3. The Talmud names five disciples of Yeshu, four of which appear in the Toledot. Jesus splits five loaves and has twelve leftover, then splits seven loaves with seven left over, then specifically tells his disciples the numbers have some special relevance. The numbers represent the five disciples named in the Talmud feeding the spiritually hungry with knowledge, leaving behind the twelve apostles, followed by the seven “evangelists” referenced in Acts.
4. There are historical elements in the Toledot that have no bearing on the story, such as the fact that Yeshu is married and has sons that accompany him on the Triumphant Entry, which itself has more credibility as happening before the Roman occupation. The Flight to Egypt due to sectarian strife also makes more historical sense than Matthew’s story about escaping Herod because of a prophecy.
5. Mara Bar Serapion says that the “Wise King” was killed by the Jews, not the Romans, which better fits the Toledot, the Talmud, 1 Thessalonians, and Delbert Burkett’s Sanhedrin Source (used for both Luke-Acts’s Passion narrative and Stephen’s martyrdom story). Mara links the divine retaliation not with the destruction of the Temple, as the gospels do, but the loss of the Jewish kingdom, which happened when Pompey conquered it in the first century B.C.
6. Epiphanius likewise endorses a tradition that Jesus was given the crown of the Jewish kingdom after Alexander Jannaeus without realizing that it would place Jesus in the first century B.C.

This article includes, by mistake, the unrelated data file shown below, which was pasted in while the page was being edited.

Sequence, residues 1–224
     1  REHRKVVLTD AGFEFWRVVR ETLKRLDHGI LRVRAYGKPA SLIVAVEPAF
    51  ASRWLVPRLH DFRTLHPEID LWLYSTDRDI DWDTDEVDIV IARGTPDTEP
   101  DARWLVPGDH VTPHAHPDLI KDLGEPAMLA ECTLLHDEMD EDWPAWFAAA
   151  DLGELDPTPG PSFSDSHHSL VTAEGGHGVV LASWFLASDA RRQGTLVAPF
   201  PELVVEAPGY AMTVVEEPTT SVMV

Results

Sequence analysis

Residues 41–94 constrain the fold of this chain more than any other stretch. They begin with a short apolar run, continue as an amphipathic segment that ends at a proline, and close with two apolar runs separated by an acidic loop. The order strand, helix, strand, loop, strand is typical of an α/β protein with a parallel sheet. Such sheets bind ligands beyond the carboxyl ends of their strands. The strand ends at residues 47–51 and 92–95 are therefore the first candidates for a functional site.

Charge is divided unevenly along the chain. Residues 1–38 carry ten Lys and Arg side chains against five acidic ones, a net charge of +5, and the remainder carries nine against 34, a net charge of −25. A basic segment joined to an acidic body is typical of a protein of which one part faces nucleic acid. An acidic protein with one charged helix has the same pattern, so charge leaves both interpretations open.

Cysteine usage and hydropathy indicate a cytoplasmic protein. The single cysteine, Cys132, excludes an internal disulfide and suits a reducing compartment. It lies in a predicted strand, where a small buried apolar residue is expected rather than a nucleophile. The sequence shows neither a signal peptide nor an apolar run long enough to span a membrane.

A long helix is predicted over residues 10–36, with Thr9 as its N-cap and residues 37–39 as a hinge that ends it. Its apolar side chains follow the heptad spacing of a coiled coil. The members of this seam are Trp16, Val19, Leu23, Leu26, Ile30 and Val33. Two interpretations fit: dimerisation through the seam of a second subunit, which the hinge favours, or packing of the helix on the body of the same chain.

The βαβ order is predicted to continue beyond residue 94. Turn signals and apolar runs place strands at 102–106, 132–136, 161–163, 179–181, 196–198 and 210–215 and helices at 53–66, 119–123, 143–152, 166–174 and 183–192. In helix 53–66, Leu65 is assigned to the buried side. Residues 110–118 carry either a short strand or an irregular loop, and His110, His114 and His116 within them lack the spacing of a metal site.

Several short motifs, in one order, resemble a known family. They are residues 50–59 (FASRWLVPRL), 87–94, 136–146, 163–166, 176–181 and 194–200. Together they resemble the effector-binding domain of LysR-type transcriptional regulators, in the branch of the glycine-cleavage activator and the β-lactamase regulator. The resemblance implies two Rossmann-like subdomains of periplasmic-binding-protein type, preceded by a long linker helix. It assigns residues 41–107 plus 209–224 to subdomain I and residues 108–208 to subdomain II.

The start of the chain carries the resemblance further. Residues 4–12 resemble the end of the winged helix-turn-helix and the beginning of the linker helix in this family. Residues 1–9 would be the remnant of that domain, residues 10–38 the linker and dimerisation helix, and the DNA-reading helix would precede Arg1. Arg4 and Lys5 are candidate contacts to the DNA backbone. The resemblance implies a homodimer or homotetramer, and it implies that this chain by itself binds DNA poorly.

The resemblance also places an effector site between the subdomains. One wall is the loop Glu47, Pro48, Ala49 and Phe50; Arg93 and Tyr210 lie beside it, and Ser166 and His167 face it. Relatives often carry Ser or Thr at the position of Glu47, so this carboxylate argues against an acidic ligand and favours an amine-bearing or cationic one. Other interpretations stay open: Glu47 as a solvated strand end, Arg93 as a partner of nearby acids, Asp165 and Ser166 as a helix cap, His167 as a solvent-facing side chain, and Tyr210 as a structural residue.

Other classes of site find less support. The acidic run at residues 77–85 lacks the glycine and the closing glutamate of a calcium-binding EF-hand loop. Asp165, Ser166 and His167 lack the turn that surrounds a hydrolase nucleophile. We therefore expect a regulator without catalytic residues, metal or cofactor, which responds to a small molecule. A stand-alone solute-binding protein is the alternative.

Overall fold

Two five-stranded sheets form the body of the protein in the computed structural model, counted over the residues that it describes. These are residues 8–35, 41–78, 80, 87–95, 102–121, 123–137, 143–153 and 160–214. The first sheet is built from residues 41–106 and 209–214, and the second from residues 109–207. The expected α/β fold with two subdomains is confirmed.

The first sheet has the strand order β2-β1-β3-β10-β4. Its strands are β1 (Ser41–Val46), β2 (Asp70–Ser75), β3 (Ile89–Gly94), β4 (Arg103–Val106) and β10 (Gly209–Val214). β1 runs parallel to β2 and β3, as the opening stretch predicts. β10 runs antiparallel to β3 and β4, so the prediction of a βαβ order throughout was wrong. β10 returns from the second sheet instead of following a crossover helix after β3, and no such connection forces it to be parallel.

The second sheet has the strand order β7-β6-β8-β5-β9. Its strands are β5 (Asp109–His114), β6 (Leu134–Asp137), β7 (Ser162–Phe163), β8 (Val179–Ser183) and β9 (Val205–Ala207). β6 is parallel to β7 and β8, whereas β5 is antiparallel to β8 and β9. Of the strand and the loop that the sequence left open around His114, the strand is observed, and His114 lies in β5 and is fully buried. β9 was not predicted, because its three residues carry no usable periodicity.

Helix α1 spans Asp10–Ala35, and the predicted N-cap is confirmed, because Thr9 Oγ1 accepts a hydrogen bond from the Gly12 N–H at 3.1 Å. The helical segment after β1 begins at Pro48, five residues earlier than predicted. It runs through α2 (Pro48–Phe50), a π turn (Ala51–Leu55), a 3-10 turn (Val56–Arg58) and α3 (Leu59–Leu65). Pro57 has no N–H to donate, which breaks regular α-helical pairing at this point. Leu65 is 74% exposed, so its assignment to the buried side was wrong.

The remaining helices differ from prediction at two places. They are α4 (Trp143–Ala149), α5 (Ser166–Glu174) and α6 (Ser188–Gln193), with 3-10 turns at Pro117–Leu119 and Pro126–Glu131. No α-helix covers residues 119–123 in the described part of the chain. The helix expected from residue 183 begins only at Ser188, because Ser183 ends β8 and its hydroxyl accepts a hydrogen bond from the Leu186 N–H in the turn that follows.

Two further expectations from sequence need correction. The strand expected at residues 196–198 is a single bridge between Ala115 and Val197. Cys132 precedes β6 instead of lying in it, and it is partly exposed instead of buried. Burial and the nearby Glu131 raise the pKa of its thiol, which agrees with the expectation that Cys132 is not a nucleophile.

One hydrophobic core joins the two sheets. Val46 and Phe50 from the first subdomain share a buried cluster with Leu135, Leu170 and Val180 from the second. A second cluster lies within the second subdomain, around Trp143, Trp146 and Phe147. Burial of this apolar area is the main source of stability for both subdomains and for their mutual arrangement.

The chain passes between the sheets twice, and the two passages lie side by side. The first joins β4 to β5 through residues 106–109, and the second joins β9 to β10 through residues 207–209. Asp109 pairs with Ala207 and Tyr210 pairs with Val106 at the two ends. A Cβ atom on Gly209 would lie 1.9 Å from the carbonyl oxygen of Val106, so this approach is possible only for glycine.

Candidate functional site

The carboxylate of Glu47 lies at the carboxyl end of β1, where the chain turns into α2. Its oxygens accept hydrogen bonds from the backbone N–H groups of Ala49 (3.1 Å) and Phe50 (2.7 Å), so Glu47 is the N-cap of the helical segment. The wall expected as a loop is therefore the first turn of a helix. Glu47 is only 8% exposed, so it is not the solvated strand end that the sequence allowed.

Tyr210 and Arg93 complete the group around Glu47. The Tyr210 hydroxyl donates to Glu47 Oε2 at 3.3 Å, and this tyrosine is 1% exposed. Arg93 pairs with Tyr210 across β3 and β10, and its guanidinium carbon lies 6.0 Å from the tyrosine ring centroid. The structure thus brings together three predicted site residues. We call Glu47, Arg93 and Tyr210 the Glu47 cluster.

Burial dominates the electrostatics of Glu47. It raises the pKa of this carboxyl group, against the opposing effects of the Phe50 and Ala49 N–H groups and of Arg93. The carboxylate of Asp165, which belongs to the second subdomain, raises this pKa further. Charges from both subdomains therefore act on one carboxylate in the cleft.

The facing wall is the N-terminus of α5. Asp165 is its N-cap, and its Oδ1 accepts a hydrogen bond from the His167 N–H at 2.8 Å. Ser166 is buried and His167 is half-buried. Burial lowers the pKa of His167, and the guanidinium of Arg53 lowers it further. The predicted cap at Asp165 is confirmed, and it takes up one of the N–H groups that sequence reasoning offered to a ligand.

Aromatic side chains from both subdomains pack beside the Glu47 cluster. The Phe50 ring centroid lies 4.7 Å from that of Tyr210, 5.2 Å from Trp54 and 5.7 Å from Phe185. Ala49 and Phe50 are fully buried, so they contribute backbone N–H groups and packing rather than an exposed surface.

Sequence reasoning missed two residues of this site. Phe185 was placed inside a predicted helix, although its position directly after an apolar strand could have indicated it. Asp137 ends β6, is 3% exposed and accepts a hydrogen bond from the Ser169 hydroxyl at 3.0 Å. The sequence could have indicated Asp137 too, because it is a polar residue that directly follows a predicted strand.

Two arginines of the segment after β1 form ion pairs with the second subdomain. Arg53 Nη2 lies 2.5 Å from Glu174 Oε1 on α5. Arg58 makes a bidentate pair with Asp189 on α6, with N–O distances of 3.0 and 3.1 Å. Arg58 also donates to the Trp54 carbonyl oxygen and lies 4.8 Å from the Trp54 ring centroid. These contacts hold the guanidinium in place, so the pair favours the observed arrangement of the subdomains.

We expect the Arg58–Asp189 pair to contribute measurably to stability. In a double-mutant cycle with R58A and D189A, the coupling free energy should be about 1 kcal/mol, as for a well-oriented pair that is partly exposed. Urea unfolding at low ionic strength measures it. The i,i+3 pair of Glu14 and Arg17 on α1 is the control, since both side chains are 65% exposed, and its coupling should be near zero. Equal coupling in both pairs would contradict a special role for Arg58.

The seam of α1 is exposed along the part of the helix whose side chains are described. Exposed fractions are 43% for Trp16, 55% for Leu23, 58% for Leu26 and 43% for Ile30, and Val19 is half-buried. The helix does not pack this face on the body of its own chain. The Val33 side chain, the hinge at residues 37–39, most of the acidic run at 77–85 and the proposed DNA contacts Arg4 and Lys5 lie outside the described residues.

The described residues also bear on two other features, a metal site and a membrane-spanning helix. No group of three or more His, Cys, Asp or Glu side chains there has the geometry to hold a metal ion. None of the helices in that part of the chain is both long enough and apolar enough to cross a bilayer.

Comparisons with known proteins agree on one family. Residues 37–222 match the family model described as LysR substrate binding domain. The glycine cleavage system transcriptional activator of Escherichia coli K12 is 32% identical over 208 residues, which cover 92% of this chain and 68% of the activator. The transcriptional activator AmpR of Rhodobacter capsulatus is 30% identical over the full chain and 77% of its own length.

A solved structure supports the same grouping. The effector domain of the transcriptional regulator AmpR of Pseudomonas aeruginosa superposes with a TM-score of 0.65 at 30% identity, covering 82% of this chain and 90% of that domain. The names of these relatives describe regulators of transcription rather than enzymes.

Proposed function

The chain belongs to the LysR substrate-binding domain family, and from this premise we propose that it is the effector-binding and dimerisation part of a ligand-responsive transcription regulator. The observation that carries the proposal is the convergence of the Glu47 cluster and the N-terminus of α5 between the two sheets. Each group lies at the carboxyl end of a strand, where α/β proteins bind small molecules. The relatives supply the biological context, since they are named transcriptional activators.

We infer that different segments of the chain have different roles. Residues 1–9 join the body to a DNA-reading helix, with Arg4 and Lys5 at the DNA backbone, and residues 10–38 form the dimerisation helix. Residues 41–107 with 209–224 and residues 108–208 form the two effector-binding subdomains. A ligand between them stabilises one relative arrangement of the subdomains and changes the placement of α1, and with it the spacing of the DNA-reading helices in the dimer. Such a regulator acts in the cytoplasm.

7. The story of Jesus hiding from authorities as he traveled to Jerusalem, being captured by Pharisees, exhibiting silence during his interrogation, and being executed on Passover comes from a story repeated by Josephus about Honi the Circle Drawer, who also lived during the first century B.C. Honi’s family were the original Zadokite owners of the Jerusalem Temple and so would have been seen as an alternative priesthood to the Herodian hierarchy. This provides a more realistic explanation for an origin than a local peasant movement expanding into a rival religious sect. These “proto-Christians” were Essenes who wanted to restore the Zadokite line to the temple, calling their leader the Teacher of Righteousness (Zedek). Daniel 9:26 reinterprets a prophecy in Jeremiah to link it to the martyrdom of another member of the dynasty and “Messiah”, Honi III. At the Temple, when Jesus is asked what authority he has to disrupt the merchants, he uses a reference to John the Baptist to refuse the answer but then tells the story of a landowner (God) that sends his son to the tenants at the vineyard (Temple) and is killed by them, which really only makes sense if Jesus had the hereditary rights to the Temple rather than being a Galilean peasant.
Not sure the folks at the Jesus Seminar are the best bedfellows, but at least he’s reading. I see a couple names that don’t live on the fringe, so that’s good (Schweitzer, Fredriksen, Crossan, etc.). Not so sure about those first names, though.